Nephropathy refers to damage, disease , or other abnormalities of the kidney. IgA nephropathy is a kidney disorder in which antibodies to a protein called IgA build up in kidney tissue.
It is also called Berger’s disease.
Nephropathy - IgA; Berger's disease
IgA is a protein that helps the body fight infections. IgA nephropathy (Berger's disease) occurs when too much of this protein is deposited in the kidneys. IgA builds up inside the small blood vessels of the kidney. Structures in the kidney called glomeruli become inflamed.
IgA nephropathy (Berger's disease) is a form of mesangial proliferative nephritis.
The disorder can appear suddenly (acute), or progress slowly over many years (chronic glomerulonephritis).
Risk factors include::
- A personal or family history of IgA nephropathy or Henoch Schonlein purpura, a form of vasculitis that affects many parts of the body
- Caucasian or Asian ethnicity
IgA nephropathy can occur in persons of all ages, but most often affects males in their teens to late 30s.
There may be no symptoms for many years.
- Bloody urine that starts during or soon after a respiratory infection
- Repeated episodes of dark or bloody urine
- Hand and feet swelling
- Symptoms of chronic kidney disease
IgA nephropathy usually is discovered after one or more episodes of dark or bloody urine in a person with no other symptoms of kidney disorder.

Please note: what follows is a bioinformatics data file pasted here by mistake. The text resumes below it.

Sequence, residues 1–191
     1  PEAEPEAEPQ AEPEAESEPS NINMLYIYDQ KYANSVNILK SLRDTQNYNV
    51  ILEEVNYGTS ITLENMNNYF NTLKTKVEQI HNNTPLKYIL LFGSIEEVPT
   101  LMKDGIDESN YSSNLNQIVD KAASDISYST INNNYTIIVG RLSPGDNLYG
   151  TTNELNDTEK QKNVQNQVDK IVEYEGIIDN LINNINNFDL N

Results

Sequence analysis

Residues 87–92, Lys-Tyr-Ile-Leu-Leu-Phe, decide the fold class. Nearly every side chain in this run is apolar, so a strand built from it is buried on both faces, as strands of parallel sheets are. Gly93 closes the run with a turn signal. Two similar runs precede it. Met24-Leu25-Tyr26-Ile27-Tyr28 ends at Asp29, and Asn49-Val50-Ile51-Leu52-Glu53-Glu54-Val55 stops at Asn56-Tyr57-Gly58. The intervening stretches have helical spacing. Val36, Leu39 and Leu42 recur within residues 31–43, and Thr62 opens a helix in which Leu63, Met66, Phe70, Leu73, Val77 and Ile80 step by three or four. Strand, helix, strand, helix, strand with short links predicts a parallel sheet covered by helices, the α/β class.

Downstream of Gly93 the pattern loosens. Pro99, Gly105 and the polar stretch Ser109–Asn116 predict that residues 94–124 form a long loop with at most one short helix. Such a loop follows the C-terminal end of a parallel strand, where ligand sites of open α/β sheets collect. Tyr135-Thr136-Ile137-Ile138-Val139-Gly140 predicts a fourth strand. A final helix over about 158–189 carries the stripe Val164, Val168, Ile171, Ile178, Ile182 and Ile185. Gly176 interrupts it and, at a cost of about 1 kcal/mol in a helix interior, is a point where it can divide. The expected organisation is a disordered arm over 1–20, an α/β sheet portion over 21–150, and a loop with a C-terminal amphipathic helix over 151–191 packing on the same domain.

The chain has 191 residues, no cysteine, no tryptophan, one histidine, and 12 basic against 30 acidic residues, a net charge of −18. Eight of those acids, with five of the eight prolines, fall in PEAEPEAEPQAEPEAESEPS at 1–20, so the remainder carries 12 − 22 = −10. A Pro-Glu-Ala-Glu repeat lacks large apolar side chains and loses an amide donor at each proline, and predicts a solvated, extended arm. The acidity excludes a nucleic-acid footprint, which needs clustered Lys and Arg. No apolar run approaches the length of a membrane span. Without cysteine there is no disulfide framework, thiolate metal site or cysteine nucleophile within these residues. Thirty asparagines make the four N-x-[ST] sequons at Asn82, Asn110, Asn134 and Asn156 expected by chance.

There are no specific changes seen during a physical examination. Occasionally, blood pressure may be high or swelling of the body may be present.
For additional information and support, see the IgA Nephropathy Support Network website (www.igansupport.org).
IgA nephropathy progresses slowly. In many cases, it does not progress at all. High blood pressure, large quantities of protein in the urine, and increased BUN or creatinine levels (blood tests that reflect kidney functioning) indicate a higher risk for progression of the disorder.
About 25% of adults with IgA nephropathy develop end-stage kidney failure within about 25 years.
Call your health care provider if you have bloody urine or if your urine output decreases.
The goal of treatment is to relieve symptoms and prevent or delay chronic renal failure.
Medicines may be given to control high blood pressure and swelling (edema). Angiotensin-converting enzyme (ACE) inhibitors and angiotensin receptor blockers (ARBs) are used. Controlling blood pressure is the most important measure to delay kidney damage.
Corticosteroids, other immunosuppressive drugs, and fish oil have also been used to treat this disorder.
Salt and fluids may be restricted to control swelling. A low to moderateprotein diet may be recommended in some cases.
Some people will need to take medicines to lower their cholesterol.
Eventually, many patients must be treated for chronic kidney disease.
In: Goldman L, Ausiello D, eds. Cecil Medicine. 23rd ed. Philadelphia, Pa: Saunders Elsevier; 2007:chap 122
Review Date: 8/12/2009
Reviewed By: Parul Patel, MD, Private Practice specializing in Nephrology and Kidney and Pancreas Transplantation, Affiliated with California Pacific Medical Center, Department of Transplantation, San Francisco, CA. Review provided by VeriMed Healthcare Network. Also reviewed by David Zieve, MD, MHA, Medical Director, A.D.A.M., Inc.
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